Tennessee head coach Butch Jones' motto throughout the building process on Rocky Top is "brick-by-brick," and he's amassed enough talent at the skill positions to build a small fortress.
That trend continued over the weekend when Alvin Kamara, a 4-star running back in the class of 2015 from Hutchinson Community College in Kansas, committed to the Vols over the Georgia Bulldogs via Twitter.
I am committed to THE University of Tennessee. *exhales* #GoVols— Alvin Kamara (@A_kamara6) June 21, 2014
Kamara is a former running back at Alabama who was suspended for the Sugar Bowl and announced is decision to transfer to junior college in January, according to 247Sports. He was the No. 3 all-purpose back coming out of Georgia's Norcross High School in 2013, and initially chose Alabama over Georgia, Auburn, Clemson and several others.
So what does it mean for Tennessee?
Once he finishes his lone season at junior college, Kamara, who redshirted with Alabama, will join a roster in Knoxville loaded with weapons at skill positions in 2015.
Jalen Hurd, a 6'3", 221-pound running back who dazzled in his first spring practice session, will be a sophomore when Kamara is eligible. Any issues associated with making the transition to the the college game will be in the rearview mirror, and when Hurd combines with the 5'11", 200-pound Kamara, the two running backs will create a dangerous "thunder and lightning" combination on Rocky Top.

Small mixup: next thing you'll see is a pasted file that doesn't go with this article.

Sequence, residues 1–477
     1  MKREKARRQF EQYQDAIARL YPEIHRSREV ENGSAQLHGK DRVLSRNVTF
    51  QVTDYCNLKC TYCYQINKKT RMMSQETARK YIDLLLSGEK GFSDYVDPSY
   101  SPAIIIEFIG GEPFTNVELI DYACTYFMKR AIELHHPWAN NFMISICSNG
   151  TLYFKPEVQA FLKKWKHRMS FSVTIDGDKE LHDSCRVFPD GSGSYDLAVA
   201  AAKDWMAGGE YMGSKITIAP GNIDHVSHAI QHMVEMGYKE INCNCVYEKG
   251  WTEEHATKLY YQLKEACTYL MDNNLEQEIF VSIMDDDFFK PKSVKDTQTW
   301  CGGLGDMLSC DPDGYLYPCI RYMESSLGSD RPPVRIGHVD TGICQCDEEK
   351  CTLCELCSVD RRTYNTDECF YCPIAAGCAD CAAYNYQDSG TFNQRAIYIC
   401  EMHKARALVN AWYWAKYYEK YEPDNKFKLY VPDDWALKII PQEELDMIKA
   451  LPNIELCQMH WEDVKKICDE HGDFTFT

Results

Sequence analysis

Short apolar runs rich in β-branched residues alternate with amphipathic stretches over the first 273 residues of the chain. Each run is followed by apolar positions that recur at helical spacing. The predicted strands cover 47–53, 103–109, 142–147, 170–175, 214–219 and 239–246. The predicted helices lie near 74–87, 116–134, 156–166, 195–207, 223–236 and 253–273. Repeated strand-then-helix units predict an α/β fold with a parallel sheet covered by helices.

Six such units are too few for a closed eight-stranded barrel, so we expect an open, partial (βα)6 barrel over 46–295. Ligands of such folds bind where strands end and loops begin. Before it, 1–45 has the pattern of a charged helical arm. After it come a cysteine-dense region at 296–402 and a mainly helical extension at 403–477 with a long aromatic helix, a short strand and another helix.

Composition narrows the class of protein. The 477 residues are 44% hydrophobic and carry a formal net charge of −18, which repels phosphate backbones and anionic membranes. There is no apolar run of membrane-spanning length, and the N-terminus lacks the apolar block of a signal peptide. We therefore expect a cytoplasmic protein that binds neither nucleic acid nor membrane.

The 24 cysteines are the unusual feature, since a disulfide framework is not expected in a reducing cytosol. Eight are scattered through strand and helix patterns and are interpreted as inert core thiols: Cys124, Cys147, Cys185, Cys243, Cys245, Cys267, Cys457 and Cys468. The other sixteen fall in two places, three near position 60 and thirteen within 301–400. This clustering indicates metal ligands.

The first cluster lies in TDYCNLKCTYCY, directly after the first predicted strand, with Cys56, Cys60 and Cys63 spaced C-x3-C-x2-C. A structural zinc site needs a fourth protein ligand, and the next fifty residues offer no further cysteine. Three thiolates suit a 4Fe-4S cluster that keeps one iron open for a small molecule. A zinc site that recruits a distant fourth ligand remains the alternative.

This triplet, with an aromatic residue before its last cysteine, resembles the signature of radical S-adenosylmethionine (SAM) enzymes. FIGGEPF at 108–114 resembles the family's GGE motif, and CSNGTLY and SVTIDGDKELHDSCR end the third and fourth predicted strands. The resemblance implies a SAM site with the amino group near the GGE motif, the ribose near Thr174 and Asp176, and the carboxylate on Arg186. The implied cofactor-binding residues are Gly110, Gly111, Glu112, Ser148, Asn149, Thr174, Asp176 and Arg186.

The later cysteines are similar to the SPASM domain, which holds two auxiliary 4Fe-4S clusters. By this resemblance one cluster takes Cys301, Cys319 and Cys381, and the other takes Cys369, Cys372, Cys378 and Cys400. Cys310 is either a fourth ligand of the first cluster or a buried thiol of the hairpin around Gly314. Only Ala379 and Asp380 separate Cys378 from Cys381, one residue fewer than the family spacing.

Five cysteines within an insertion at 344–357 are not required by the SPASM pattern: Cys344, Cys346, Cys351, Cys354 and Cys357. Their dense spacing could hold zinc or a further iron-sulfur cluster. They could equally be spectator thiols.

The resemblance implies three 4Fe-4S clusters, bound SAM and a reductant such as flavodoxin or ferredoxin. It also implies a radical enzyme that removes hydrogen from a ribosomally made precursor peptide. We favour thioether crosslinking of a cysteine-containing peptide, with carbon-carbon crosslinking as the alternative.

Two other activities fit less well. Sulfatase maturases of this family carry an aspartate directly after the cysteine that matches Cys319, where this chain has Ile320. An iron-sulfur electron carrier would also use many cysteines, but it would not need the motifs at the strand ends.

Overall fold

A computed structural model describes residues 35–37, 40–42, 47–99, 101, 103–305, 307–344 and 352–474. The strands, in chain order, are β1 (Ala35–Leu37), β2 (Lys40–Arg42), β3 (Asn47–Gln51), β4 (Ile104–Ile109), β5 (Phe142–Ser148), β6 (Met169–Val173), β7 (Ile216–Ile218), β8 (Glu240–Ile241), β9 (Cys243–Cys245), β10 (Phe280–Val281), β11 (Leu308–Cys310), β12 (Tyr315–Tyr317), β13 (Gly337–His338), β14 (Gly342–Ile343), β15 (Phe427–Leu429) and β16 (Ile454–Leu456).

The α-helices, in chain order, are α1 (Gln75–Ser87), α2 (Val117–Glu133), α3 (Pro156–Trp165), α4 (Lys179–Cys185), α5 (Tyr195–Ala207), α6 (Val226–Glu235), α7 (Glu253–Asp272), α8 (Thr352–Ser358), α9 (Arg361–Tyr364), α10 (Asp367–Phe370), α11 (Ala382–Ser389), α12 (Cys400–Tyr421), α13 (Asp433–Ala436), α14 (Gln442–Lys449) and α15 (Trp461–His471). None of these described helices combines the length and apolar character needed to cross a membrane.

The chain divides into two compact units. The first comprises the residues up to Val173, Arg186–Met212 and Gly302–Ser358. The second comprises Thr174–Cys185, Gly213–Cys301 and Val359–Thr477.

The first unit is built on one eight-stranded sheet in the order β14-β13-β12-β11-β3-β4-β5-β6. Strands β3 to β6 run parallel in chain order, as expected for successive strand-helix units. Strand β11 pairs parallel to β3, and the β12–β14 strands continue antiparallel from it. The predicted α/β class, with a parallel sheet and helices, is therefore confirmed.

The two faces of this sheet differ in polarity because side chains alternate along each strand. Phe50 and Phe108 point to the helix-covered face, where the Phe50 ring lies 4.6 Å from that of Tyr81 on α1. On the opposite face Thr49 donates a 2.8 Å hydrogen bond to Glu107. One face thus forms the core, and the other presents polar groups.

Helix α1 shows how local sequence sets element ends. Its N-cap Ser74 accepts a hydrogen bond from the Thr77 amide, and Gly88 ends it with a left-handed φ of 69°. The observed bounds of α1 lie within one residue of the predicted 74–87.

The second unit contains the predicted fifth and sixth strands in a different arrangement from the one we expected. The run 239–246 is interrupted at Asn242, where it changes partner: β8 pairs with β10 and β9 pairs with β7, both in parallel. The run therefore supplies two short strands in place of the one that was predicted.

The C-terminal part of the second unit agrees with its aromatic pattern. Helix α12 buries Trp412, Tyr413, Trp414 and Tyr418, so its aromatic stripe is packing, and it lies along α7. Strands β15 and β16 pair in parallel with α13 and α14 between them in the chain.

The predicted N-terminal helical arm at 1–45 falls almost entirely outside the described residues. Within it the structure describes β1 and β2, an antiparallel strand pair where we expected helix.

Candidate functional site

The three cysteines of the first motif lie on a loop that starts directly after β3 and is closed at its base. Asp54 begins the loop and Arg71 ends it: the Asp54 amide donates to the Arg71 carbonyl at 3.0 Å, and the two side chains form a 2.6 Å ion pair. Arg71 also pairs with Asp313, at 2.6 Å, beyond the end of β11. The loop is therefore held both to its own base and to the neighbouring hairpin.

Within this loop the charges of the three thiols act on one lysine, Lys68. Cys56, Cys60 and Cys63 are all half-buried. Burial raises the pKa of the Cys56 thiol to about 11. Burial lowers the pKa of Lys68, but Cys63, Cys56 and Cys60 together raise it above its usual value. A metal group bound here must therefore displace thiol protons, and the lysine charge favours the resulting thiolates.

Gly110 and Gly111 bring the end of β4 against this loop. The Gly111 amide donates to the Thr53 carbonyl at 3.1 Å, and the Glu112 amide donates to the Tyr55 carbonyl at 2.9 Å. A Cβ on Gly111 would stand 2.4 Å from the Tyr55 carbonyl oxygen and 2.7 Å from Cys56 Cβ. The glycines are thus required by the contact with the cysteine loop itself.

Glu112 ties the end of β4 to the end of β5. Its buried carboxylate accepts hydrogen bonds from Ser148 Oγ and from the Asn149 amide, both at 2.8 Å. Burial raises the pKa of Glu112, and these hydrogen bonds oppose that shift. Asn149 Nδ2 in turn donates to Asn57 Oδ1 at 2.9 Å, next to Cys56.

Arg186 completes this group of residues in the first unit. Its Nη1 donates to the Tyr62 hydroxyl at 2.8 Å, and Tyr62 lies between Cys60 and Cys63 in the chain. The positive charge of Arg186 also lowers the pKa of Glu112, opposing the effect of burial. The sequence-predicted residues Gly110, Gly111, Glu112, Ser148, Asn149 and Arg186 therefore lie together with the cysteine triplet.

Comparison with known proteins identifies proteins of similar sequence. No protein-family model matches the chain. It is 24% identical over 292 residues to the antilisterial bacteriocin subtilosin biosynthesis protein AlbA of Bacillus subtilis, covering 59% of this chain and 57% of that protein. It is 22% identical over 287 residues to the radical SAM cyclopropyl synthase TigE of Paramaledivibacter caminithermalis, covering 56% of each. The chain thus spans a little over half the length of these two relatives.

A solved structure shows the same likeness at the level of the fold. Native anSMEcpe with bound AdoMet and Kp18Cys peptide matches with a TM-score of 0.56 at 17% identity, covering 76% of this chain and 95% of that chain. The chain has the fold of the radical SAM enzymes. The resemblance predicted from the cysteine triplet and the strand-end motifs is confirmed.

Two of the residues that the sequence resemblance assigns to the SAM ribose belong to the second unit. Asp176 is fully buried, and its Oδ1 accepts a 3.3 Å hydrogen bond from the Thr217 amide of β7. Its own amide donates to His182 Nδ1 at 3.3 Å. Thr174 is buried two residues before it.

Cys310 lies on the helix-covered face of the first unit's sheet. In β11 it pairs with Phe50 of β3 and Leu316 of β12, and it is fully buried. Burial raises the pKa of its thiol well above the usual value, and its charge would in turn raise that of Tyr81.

Wide receivers Marquez North, Josh Malone and Von Pearson will put tremendous stress on opposing defenses, and only Pearson—a redshirt junior this year—is draft eligible. All three could, and likely should, remain on the roster when Kamara transfers.
The offensive line is an issue this year, but great offensive lines are built off continuity. The pieces of that puzzle will have plenty of time to develop that much-needed chemistry this year, and will be a strength in 2015.
The quarterback is the last piece of the puzzle for the Vols heading into this season.
Justin Worley, Joshua Dobbs and Nathan Peterman are vying for the top spot on the depth chart this year. If the senior Worley wins the job, as he is expected to, that would leave a void for Dobbs, Peterman, 2015 commit Quinten Dormady or perhaps another signee or transfer to fill.
Simply put, it's the last question the Vols need to answer before they can get back into the discussion in the SEC East.